McGrath is a professor of science and religion at Oxford University who—in addition to his wide-ranging publications in theology—has carried out an extended and spirited campaign against the “New Atheism” espoused by polemicists such as Christopher Hitchens, Richard Dawkins, and Sam Harris (see his The Dawkins Delusion). His credentials as an apologist are obvious: an accomplished scientist who was also formerly a self-professed atheist, McGrath became Christian, and added advanced degrees in theology to his Oxford doctorate in molecular biophysics. As his many references to them make clear, he sees himself as standing in the tradition of G. K. Chesterton and C. S. Lewis.
Writing in an accessible style, McGrath seeks to replace the “science against religion” posture of the new atheists with a more complex paradigm. He argues that their position is both novel and unnatural: historically, figures like Roger Bacon and Galileo regarded scientific inquiry as consonant with faith, and even today, many first-rate scientists are believers. McGrath proposes instead an epistemological model that legitimates multiple ways of knowing reality, each with distinctive possibilities of knowledge and each with limitations.
He illustrates points of congruence between religious and scientific knowledge by an examination of cosmology: the strange intelligibility of the natural order remains a tease that transcends crude notions of “design,” while scientific theories concerning a Big Bang start to the universe invite a corresponding religious theory of creation. He seeks to defang the threat of “Darwin and Evolution”—the favorite contemporary battleground for anti-religion polemics—by a careful examination of the historical development of Darwin’s theory and its implications for faith. In this regard, his analysis of the infamous 1860 Oxford debate between Wilberforce and Huxley is particularly helpful. The last portion of the book turns to the limitations of scientific knowledge, which McGrath locates particularly in questions concerning the nature and destiny of human persons. McGrath challenges the ability of science to adequately deal with the meaning of human existence, shown above all in its failure to provide an empirical basis for ethics.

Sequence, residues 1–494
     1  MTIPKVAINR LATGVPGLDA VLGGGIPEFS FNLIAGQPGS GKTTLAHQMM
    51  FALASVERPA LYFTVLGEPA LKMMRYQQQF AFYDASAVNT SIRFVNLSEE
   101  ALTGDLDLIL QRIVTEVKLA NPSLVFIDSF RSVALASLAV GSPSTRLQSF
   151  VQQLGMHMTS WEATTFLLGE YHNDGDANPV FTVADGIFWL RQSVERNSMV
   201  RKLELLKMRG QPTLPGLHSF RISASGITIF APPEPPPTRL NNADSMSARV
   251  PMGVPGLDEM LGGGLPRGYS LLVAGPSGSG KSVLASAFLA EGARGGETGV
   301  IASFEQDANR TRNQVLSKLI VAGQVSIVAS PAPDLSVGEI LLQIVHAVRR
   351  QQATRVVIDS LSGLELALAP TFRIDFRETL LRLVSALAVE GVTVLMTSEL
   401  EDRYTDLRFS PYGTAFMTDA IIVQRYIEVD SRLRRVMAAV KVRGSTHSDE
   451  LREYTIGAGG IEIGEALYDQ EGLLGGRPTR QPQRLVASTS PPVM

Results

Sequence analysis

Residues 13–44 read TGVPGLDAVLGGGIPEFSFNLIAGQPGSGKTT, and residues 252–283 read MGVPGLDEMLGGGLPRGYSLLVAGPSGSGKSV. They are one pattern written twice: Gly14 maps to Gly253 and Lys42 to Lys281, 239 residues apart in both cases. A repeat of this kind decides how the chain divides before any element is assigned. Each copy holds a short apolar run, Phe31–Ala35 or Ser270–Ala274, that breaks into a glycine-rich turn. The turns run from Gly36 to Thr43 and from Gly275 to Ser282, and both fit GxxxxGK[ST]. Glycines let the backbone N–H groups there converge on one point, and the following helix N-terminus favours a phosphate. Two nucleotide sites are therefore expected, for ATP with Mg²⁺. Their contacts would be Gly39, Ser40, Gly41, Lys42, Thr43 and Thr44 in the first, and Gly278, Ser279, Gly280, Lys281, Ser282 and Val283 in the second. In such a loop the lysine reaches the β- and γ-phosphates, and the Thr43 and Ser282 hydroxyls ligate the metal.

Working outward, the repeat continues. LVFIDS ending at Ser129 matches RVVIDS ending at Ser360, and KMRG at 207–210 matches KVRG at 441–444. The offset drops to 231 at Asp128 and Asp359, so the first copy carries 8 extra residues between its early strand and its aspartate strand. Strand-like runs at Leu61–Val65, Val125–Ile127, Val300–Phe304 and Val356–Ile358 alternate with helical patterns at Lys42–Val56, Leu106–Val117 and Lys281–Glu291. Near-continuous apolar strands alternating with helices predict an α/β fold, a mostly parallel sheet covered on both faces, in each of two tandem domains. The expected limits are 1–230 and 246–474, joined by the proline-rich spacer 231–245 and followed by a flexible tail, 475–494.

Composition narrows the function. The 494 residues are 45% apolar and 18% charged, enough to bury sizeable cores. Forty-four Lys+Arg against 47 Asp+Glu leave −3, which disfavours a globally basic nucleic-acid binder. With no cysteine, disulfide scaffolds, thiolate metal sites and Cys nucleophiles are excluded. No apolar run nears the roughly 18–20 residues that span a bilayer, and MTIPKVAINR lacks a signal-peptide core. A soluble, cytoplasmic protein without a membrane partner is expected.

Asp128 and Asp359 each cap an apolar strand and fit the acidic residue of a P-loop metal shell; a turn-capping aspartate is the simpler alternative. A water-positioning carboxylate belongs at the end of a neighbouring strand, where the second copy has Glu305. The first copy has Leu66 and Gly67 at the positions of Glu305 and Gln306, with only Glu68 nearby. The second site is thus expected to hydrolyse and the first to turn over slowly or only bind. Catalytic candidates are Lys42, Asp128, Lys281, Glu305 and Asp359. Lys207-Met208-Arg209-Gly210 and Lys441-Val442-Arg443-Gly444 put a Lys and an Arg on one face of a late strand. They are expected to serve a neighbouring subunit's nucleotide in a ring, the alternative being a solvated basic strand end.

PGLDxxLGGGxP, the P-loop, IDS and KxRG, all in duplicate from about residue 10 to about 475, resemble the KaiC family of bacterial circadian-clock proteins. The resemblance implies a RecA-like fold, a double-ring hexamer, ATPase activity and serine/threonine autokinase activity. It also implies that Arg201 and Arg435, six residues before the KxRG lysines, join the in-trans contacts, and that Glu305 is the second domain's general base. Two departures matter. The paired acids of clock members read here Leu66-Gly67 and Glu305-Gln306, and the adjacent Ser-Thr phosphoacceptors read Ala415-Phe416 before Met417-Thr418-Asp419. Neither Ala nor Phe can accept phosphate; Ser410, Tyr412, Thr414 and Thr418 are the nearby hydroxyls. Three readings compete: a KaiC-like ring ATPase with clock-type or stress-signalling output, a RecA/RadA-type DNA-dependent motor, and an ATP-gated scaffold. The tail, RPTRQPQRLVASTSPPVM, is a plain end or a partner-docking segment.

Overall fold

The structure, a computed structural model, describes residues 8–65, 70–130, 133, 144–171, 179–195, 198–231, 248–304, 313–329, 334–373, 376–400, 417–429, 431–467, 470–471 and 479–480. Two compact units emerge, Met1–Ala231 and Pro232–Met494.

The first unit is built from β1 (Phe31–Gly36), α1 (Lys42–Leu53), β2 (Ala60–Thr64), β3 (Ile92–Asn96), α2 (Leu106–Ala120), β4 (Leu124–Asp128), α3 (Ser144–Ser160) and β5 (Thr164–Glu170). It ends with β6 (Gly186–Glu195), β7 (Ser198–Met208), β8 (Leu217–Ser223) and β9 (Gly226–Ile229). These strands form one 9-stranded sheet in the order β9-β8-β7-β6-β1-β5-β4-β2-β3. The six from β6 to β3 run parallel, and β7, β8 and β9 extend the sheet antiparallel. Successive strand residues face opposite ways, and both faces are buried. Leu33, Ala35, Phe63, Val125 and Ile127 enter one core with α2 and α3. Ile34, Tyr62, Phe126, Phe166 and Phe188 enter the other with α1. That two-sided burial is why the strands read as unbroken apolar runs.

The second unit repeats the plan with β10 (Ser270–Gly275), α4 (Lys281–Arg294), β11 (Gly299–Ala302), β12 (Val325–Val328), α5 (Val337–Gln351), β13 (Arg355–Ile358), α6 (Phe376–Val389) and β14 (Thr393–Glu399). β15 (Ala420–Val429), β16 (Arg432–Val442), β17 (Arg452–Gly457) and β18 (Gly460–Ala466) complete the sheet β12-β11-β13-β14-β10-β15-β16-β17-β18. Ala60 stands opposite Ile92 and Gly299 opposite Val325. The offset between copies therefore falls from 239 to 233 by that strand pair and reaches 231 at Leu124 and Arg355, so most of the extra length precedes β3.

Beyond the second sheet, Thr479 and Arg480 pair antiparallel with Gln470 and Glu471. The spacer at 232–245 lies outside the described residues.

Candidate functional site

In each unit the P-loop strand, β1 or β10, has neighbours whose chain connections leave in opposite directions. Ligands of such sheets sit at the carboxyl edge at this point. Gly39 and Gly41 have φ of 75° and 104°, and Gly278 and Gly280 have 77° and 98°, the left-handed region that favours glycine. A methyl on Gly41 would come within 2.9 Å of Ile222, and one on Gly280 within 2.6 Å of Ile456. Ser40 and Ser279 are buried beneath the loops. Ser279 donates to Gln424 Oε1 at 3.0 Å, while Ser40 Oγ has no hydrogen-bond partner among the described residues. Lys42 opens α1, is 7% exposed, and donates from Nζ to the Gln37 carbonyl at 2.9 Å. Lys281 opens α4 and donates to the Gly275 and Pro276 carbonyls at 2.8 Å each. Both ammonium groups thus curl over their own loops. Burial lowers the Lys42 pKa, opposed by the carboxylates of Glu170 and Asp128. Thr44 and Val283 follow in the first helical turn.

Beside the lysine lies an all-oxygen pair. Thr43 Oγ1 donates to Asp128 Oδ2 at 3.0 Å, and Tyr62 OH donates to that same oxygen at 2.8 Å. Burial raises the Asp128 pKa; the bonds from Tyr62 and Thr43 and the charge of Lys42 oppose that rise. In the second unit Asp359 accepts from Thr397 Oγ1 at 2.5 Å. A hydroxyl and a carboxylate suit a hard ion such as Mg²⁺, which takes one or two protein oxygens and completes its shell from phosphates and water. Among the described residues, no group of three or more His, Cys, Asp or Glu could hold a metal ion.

This book can serve as an excellent primer for those seeking a better grasp of the claims and counter-claims in the science-versus-religion debate featured in the media, and some clarity concerning what the fundamental philosophical questions are. McGrath recognizes one fault in his own approach: he tends to treat religion almost exclusively in cognitive terms, acknowledging that as a way of life it involves much more than a construal of the world. Unfortunately, he fails to follow up on this important qualification. Another, more irritating fault is his tendency simply to equate “religion” with “Christianity,” especially since the same semantic (and substantive) slippage is found among the new atheists whose arguments he seeks to refute.